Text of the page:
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The Writers Hour

Hear from the best writers in the business

The Writers Hour discusses the art and craft of writing and storytelling with the very best journalists and editors in the business. If you're an aspiring journalist, part of the industry or simply curious about how the
Latest Episode8/16/2020

11. Peter English

[2:20] Pete on his background in journalism and how he came to be a senior lecturer at University of the Sunshine Coast"You've got to be prepared for the criticism – but you've got to ask for it, too … pick writers you respect, and ask for their feedback … and you've got to be brave to take whatever it is they say."[4:30] Pete on learning on the fly at The Guardian in London[8:15] Pete on his "stupid question"[11:40] Pete on the importance of self-editing in today's media world, and why one needs to be careful with descriptions"I'm very precious with what people tell me and how to report it – the way that comes back can often be misinterpreted. We see that throughout the world; what is a fact these days? What is truth? What did you mean when you said this?"[18:10] Peter on ethics when dealing with interview subjects[23:50] Peter talks about how he entered the academic world"I know there's often an uneasy relationship between journalists and academics, but even just thinking about what it is that you do as a writer, a journalist, as a communications officer, as a sports lover, [and] those blurring of roles – are you a cheerleader, are you critical of the team, even just thinking about that helps make you a better journalist."[26:40] Peter talks about his story on former England captain Adam Hollioake, which you can find here[30:05] Pete on original writing and being present, versus the daily news churn "The whole point of what we're doing is trying to get something original. When 30 people are asking, let's say Pat Cummins, questions at a press conference, there's nothing original there. And then the whole pack goes to the next press conference, and the next one." [32:25] Pete on where journalism students are landing jobs nowadays"If you're interested in being a sportswriter one of the key things you need to do it train … you read sports, you write sport, you listen to it, you watch it. That is your training."[35:44] Pete talks about ways journalists can prioritise their workloads in order to focus on quality writing[39:10] Pete on the key lessons he wants his students to have learned by the time they leave[41:15] Pete on the lessons his students can only learn in the workforce[45:40] Pete on his forthcoming book, which looks at the sports media industry in Australia[55:30] Pete on the person he'd most like to interview and write about in-depth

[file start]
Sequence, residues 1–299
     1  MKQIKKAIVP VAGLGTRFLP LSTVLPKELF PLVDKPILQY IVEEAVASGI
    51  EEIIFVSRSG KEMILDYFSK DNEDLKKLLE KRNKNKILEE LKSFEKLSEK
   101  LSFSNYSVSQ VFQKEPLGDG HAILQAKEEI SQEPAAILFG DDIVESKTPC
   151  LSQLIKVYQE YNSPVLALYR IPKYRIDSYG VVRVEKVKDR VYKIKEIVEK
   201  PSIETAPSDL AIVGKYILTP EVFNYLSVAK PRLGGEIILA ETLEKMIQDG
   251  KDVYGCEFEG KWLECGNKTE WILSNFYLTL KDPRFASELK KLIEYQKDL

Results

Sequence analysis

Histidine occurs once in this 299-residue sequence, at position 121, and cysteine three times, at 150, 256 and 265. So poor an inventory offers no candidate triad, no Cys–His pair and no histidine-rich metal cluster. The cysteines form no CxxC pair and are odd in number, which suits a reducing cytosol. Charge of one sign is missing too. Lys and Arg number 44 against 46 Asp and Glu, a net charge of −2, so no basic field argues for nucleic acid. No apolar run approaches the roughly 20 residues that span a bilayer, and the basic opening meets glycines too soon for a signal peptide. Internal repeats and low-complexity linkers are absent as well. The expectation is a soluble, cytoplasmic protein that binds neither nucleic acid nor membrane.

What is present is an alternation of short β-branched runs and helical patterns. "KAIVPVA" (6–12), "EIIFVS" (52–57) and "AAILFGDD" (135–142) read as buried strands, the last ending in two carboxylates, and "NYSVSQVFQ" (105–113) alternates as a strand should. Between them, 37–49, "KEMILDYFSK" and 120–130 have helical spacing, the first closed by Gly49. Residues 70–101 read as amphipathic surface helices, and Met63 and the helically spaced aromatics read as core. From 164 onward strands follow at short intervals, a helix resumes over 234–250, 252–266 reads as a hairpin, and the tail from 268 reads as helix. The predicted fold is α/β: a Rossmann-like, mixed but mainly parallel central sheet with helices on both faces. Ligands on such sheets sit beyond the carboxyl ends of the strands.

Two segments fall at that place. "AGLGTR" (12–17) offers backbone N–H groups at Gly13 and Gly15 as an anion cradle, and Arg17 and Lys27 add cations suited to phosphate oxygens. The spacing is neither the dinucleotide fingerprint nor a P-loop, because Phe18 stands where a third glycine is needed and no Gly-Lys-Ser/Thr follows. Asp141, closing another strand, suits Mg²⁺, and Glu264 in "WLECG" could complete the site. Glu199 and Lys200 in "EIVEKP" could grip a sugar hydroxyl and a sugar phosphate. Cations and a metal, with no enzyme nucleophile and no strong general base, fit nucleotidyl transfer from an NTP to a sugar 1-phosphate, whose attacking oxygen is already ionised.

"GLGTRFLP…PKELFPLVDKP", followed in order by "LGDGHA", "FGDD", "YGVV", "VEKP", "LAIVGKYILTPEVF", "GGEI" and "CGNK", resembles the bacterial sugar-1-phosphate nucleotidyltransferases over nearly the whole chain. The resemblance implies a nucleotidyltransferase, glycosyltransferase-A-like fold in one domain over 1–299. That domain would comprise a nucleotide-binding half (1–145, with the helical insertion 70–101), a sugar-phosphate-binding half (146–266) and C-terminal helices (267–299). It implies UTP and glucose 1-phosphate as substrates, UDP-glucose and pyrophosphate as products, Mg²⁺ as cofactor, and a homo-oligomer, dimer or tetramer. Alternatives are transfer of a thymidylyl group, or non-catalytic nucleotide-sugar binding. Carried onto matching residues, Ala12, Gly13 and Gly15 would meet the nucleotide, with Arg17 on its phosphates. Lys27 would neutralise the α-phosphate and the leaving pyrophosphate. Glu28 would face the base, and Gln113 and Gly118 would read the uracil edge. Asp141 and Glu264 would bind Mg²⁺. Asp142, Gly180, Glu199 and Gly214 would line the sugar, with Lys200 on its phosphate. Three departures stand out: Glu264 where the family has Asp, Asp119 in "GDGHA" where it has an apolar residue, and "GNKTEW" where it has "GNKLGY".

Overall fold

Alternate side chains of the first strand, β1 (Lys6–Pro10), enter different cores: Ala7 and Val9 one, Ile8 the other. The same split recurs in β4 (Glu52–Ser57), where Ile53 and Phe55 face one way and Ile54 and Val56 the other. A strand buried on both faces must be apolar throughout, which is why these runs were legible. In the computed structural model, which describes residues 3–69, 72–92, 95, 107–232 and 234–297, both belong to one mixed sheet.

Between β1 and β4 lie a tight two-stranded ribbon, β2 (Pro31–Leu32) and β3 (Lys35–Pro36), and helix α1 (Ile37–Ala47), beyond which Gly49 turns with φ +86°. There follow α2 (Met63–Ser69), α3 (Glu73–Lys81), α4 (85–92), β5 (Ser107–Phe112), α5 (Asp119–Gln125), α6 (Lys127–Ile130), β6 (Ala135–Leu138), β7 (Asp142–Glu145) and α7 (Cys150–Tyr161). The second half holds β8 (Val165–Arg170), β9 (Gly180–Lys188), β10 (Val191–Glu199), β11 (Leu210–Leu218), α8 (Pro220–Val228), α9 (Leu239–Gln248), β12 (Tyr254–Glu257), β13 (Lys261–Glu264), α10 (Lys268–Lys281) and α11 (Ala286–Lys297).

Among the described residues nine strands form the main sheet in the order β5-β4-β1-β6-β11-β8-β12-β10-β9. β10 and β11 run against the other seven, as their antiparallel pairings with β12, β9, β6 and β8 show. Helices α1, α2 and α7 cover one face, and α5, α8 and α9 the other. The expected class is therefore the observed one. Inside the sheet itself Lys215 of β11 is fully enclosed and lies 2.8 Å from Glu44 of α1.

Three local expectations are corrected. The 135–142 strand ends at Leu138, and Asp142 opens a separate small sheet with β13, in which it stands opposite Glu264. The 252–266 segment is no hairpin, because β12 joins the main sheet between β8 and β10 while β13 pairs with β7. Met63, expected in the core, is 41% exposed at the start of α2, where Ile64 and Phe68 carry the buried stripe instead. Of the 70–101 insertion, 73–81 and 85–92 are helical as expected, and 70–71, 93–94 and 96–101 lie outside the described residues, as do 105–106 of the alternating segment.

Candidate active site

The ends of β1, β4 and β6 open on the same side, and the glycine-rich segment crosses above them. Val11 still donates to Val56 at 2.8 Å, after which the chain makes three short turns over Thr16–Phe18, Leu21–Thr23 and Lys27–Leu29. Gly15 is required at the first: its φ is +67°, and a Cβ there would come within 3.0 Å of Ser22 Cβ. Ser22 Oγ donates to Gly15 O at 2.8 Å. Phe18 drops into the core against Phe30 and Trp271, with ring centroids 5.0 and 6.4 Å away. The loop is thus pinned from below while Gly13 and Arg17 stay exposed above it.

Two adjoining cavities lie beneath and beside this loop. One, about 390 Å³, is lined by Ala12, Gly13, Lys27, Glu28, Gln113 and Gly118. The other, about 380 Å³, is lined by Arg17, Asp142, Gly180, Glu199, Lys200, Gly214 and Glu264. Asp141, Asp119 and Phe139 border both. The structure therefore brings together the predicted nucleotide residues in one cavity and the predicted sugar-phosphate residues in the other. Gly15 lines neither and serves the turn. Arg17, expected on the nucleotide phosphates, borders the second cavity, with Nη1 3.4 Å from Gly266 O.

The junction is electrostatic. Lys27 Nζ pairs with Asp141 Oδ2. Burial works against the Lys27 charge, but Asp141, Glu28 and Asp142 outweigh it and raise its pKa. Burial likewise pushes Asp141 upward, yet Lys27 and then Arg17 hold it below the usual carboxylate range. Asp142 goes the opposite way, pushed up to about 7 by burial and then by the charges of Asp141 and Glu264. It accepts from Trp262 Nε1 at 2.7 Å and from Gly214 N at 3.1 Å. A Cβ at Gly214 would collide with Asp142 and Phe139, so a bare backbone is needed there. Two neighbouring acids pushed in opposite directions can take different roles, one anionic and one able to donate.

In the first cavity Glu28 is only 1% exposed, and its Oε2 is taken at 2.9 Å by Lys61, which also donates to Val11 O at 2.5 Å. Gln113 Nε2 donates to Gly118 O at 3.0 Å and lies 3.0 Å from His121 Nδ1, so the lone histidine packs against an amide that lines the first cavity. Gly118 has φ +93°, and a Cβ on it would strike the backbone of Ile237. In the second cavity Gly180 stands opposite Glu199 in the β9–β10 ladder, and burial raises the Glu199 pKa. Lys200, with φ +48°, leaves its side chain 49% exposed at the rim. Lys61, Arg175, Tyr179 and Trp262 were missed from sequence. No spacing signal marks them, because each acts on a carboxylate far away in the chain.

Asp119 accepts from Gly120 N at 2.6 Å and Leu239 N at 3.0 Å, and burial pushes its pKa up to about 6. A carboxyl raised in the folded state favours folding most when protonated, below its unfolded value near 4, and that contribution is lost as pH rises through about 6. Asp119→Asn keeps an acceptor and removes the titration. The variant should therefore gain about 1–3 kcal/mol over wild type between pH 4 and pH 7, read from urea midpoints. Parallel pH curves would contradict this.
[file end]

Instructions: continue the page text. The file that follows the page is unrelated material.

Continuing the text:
8/16/2020

11. Peter English

[2:20] Pete on his background in journalism and how he came to be a senior lecturer at University of the Sunshine Coast"You've got to be prepared for the criticism – but you've got to ask for it, too … pick writers you respect, and ask for their feedback … and you've got to be brave to take whatever it is they say."[4:30] Pete on learning on the fly at The Guardian in London[8:15] Pete on his "stupid question"[11:40] Pete on the importance of self-editing in today's media world, and why one needs to be careful with descriptions"I'm very precious with what people tell me and how to report it – the way that comes back can often be misinterpreted. We see that throughout the world; what is a fact these days? What is truth? What did you mean when you said this?"[18:10] Peter on ethics when dealing with interview subjects[23:50] Peter talks about how he entered the academic world"I know there's often an uneasy relationship between journalists and academics, but even just thinking about what it is that you do as a writer, a journalist, as a communications officer, as a sports lover, [and] those blurring of roles – are you a cheerleader, are you critical of the team, even just thinking about that helps make you a better journalist."[26:40] Peter talks about his story on former England captain Adam Hollioake, which you can find here[30:05] Pete on original writing and being present, versus the daily news churn "The whole point of what we're doing is trying to get something original. When 30 people are asking, let's say Pat Cummins, questions at a press conference, there's nothing original there. And then the whole pack goes to the next press conference, and the next one." [32:25] Pete on where journalism students are landing jobs nowadays"If you're interested in being a sportswriter one of the key things you need to do it train … you read sports, you write sport, you listen to it, you watch it. That is your training."[35:44] Pete talks about ways journalists can prioritise their workloads in order to focus on quality writing[39:10] Pete on the key lessons he wants his students to have learned by the time they leave[41:15] Pete on the lessons his students can only learn in the workforce[45:40] Pete on his forthcoming book, which looks at the sports media industry in Australia[55:30] Pete on the person he'd most like to interview and write about in-depth